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Management (MGM)
Pankaj Aggarwal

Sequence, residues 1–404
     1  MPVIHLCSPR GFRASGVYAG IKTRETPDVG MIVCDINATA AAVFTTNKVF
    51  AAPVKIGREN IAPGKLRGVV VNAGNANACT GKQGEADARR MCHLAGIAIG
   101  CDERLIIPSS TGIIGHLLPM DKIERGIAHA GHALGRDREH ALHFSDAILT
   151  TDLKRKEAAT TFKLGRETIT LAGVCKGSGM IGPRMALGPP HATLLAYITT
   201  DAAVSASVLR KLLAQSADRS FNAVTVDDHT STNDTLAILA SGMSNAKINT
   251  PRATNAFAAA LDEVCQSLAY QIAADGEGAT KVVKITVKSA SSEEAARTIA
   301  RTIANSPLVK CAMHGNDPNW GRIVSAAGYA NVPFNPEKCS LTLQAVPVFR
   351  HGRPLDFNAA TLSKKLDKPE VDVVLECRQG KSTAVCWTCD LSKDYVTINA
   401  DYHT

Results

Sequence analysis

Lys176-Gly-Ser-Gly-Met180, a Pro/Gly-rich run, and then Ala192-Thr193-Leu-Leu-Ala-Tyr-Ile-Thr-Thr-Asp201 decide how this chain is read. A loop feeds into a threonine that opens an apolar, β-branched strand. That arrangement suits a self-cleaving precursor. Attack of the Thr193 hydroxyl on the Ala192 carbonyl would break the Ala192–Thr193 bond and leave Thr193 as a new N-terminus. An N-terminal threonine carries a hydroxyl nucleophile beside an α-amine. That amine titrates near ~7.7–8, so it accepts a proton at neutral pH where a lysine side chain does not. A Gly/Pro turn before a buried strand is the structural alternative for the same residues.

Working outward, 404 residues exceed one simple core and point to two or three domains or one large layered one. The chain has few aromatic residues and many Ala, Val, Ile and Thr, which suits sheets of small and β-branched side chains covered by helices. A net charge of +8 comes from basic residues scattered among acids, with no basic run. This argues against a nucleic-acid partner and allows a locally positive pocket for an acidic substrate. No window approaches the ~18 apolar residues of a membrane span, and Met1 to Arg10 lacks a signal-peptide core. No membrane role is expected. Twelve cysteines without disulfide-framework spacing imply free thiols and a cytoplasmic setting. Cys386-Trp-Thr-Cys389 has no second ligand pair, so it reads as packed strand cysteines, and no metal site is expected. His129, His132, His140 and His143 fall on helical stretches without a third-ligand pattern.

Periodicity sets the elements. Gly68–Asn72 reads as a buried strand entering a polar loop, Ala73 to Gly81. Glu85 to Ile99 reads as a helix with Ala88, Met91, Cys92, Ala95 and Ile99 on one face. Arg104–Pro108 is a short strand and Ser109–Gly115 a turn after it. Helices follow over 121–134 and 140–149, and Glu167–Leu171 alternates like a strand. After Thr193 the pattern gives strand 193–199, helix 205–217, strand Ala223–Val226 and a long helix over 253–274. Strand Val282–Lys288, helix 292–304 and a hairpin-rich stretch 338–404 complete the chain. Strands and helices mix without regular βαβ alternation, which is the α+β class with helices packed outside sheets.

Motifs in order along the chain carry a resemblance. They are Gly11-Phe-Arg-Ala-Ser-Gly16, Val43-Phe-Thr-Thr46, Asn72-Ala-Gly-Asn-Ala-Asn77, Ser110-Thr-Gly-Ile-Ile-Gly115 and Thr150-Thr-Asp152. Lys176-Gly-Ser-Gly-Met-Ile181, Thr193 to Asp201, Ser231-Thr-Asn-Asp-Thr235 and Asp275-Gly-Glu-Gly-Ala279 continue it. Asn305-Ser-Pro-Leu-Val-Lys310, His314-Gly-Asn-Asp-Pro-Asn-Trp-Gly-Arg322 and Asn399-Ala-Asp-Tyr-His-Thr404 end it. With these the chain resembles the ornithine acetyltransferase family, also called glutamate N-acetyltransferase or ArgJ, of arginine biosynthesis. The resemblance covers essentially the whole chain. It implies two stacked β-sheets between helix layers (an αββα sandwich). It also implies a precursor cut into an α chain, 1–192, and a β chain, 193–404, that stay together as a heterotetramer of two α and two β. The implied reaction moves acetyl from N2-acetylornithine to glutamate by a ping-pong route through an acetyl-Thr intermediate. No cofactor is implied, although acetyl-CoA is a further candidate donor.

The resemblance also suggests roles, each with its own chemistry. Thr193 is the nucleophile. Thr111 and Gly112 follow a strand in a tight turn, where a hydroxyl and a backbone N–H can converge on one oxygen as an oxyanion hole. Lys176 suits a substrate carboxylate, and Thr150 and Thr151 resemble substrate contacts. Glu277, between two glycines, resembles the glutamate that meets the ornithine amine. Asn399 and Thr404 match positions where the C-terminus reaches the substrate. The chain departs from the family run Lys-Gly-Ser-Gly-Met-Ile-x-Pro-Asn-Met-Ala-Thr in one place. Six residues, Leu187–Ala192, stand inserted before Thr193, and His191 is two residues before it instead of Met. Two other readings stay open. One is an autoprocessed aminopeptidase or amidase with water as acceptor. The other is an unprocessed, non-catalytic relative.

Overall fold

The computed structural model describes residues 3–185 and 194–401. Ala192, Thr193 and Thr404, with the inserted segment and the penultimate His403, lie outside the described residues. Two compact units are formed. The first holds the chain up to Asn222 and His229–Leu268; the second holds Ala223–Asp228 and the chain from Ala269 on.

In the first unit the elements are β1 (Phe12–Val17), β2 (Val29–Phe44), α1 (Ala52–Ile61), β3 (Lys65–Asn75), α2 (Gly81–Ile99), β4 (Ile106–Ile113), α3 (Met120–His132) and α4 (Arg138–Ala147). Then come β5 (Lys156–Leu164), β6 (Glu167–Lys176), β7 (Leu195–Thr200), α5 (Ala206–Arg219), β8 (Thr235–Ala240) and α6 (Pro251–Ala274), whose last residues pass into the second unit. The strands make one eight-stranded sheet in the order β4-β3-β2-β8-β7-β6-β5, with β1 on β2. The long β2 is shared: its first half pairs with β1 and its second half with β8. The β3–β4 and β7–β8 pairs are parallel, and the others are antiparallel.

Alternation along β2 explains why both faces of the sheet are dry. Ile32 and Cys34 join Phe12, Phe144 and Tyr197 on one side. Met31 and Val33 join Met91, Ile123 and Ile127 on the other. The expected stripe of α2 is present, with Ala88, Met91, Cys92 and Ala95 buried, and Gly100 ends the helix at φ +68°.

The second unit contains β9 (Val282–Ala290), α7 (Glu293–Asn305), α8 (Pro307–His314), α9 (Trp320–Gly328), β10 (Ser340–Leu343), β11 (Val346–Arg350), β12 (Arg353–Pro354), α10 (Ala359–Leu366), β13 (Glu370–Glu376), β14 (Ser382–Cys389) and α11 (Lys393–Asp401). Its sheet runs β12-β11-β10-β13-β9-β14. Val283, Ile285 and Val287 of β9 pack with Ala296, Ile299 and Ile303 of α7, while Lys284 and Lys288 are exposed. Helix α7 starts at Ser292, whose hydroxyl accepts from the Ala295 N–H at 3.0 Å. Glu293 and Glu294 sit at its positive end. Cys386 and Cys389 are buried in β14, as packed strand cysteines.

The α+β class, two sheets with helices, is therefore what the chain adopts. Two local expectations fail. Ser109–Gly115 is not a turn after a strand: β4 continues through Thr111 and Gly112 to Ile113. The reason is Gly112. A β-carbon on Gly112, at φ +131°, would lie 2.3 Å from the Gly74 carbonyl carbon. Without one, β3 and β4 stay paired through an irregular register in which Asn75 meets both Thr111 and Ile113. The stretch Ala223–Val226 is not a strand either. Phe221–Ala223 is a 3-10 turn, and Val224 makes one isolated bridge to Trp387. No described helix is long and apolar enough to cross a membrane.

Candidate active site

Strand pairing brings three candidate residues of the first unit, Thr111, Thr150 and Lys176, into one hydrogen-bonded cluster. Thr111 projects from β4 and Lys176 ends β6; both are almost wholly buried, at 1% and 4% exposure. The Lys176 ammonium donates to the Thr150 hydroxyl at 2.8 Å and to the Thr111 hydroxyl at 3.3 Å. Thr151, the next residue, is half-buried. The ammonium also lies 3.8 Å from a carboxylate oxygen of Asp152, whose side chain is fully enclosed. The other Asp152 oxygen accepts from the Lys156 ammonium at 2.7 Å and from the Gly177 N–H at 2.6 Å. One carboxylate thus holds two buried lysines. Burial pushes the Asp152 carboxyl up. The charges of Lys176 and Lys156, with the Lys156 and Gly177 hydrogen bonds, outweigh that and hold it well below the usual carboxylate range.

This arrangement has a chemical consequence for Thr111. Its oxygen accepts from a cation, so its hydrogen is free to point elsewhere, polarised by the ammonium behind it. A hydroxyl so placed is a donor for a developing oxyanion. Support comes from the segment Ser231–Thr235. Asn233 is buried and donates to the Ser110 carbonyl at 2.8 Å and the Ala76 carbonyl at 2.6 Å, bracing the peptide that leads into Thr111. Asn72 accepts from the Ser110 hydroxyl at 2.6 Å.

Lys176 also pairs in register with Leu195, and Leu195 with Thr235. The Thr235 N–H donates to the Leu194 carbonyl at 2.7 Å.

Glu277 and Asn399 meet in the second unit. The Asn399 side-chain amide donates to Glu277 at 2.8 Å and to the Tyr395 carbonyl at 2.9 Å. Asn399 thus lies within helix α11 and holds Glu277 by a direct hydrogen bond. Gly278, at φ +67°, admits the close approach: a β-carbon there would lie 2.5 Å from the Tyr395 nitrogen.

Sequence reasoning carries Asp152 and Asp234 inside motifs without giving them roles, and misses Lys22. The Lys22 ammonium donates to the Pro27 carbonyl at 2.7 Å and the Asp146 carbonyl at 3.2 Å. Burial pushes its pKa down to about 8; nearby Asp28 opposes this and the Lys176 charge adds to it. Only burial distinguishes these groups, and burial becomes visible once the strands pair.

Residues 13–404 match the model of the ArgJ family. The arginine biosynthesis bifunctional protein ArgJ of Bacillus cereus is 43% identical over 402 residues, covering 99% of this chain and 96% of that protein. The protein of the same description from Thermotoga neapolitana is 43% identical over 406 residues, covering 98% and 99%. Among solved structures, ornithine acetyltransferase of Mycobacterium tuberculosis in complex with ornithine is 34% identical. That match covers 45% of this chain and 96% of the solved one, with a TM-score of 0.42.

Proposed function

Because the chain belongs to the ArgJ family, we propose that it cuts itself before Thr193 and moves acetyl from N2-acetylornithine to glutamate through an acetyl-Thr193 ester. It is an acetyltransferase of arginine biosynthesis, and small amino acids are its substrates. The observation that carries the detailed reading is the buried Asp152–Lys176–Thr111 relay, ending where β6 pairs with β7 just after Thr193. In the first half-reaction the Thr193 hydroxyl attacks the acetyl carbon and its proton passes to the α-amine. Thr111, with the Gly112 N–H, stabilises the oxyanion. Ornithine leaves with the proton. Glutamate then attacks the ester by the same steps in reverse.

Chapter 3: Analyzing the Marketing Environment marketing environment: actors and forces outside marketing that affect marketing managements ability to build and maintain successful relationships with target customers marketers have two abilities: have disciplined methods (marketing research and intelligence) for collecting information about the environment, and spend more time in customer and competitor environments studying environments, can adapt their strategies to meet new marketplace demands microenvironment: actors close to the company that affect its ability to serve its customers - ex. company, suppliers, marketing intermediaries, customer markets, competitors, and publics macroenvironment: larger societal forces that affect the microenvironment - ex. demographic, economic, natural, technological, political, and cultural forces The Companys Microenvironment marketing managements job build relationships with customers by creating satisfaction and value The Company top management set broad strategies and marketing managers make decisions within the strategies and plans Suppliers important link in companys overall customer value delivery system supply shortages/delays/labour strikes can cost sales, damage customer satisfaction Marketing Intermediaries marketing intermediaries: firms that help the company promote, sell, and distribute its goods to final buyers resellers: distribution channel firms that help company find customers or make sales to them - wholesalers, retailers who buy and resell merchandise physical distribution firms help the company to stock and move goods marketing services agencies help target and promote products to the right markets - marketing research, media, consulting firms and advertising agencies financial intermediaries help finance transactions, insure against the risks associate with buying/selling - banks, credit companies, insurance companies Competitors depending on the size of the firm, different marketing strategies have to be implement to position their offerings strongly against competitors offerings in the minds of consumers Publics public: group that has an actual or potential interest in or impact on an organizations ability to achieve its objectives 7 types of publics - financial, media, government, citizen-action, local, general, and internal Customers consumer markets: individuals and households that buy for personal consumption business markets: buy for further processing/production process reseller markets: buy to resell at a profit government markets: made up of government agencies that buy to produce public services or transfer them to others who need them international markets: buyers in other countries The Companys Macroenvironment Demographic Environment demography: study of human populations in terms of categories Changing Age Structure of the Population Baby Boomers: 9.8 million Canadians born during the baby boom following World War II and lasting until mid-1960s started later and lasted longer than Americans accounts for 1/3 of Canadas population constitute a lucrative market for financial services, new housing, home remodelling, travel, entertainment, eating, health and fitness products, etc Generation X: 7 million Canadians born between 1967 and 1976 in the birth dearth first generation of latchkey kids, grown up in times of recession and corporate downsizing therefore developed a more cautious economic outlook, less materialistic, live on debts/tight budgets for marketers Gen X are sceptical, tend to research products before purchasing, tend to be less receptive to overt marketing pitches Millennials (Generation Y): 10.4 million children of the Canadian baby boomers, born between 1977 and 2000 utter fluency and comfort with computer, digital, and internet technology reaching this attractive and huge segment, creative marketing approaches are needed Generational Marketing often split up baby boomers into: leading-edge boomers, core boomers, trailing-edge boomers split up millennials into: tweens, teens and young adults The Changing Canadian Household new trends cause marketers to consider distinctive needs, buying habits of non-traditional households Geographic Shifts in Population different regions buy differently shift in where people live also shift where they work creating a booming SOHO market therefore, marketers are actively courting the telecommuting market A Better-Education, More White-Collar, More Professional Population rising number of educated people increase demand for quality products, books, travel, computers, etc Increasing Diversity ads now feature people from different ethnic backgrounds and target specifically designed products and promotions to one or more groups marketers must keep in mind not to alienate sophisticated second-generation individuals sexual orientation and disability are another parts of diversity Economic Environment economic environment: factors that affect consumer buying power and spending patterns industrial economies: constitute rich markets for many different kinds of goods subsistence economies: consume most o their own agricultural and industrial output and offer few market opportunities developing economies: offer outstanding marketing opportunities for the right kinds of products Changes in Income value marketing: rather than offering high quality at a high price, or lesser quality at very low prices, marketers are looking for ways to offer todays more financially cautious buyers the right amount of quality at a fair price pay attention to income distribution and income levels Changing Consumer Spending Patterns Engels laws: differences noted in how people shift their spending across food, housing, transportation, health care, and other goods/services categories as family income rises consumers with different incomes levels therefore have different spending patterns Natural Environment natural environment: natural resources that are needed as inputs by marketers or that are affected by marketing activities environmental concerns air and water pollution, possibilities of global warming trends in the natural environment: - shortage of raw materials: firms face larger cost increases - increased pollution: damage quality of natural environment - increased government intervention: in natural resource management, hope companies will accept more social responsibility, and less expensive devices can be found to control/reduce pollution environmental sustainability: developing strategies and practices that create a world economy that the planet can support indefinitely Technological Environment technological environment: forces that create new technologies, creating new product and market opportunities many regulations dealing with product safety as technology is becoming more complex Political and Social Environment political environment: laws, government agencies, pressure groups that influence and limit carious organizations and individuals in a given society Legislation Regulating Business well-conceived regulations can encourage competition, ensure fair markets public policy: set of laws/regulations that limit business for the good of society Increasing Legislation business legislation has been enacted because: - protect companies from each other laws are passed to define and prevent unfair competition - protect consumers from unfair business practices - protect the interests of society against unrestrained business behaviour regulation ensure that firms take responsibility for social costs of their production or products Increased Emphasis on Ethics and Socially Responsible Actions businesses are also governed by social codes and rules of professional ethics Socially Responsible Behaviour explosion in the amount of personal digital data available on the internet Cause-Related Marketing companies are linking themselves to worth-while causes to exercise their social responsibility and build more positive images has become a primary form of corporate giving by linking purchases of the companys products/services with fundraising for causes or charities cause-exploitative marketing Cultural Environment cultural environment: institutions and other forces that affect societys basic values, perceptions, preferences, and behaviours Persistence of Cultural Values core beliefs and values: passed on from parents and are reinforced by institutions secondary beliefs and values: more open to change Shifts in Secondary Cultural Values marketers want to predict cultural shifts to spot new opportunities or threats major cultural values of a society are expressed in peoples views of themselves and others, views of organizations, society, nature and the universe Responding to the Marketing Environment some companies take a proactive stance toward the marketing environment aggressive actions to affect the publics and forces in their marketing environment - hire lobbyists to influence legislation affecting their industries and stage media events to gain favourable press coverage - run advertorials (ads + editorials) to shape public opinion - press lawsuits, file complaints with regulators to keep competitors in li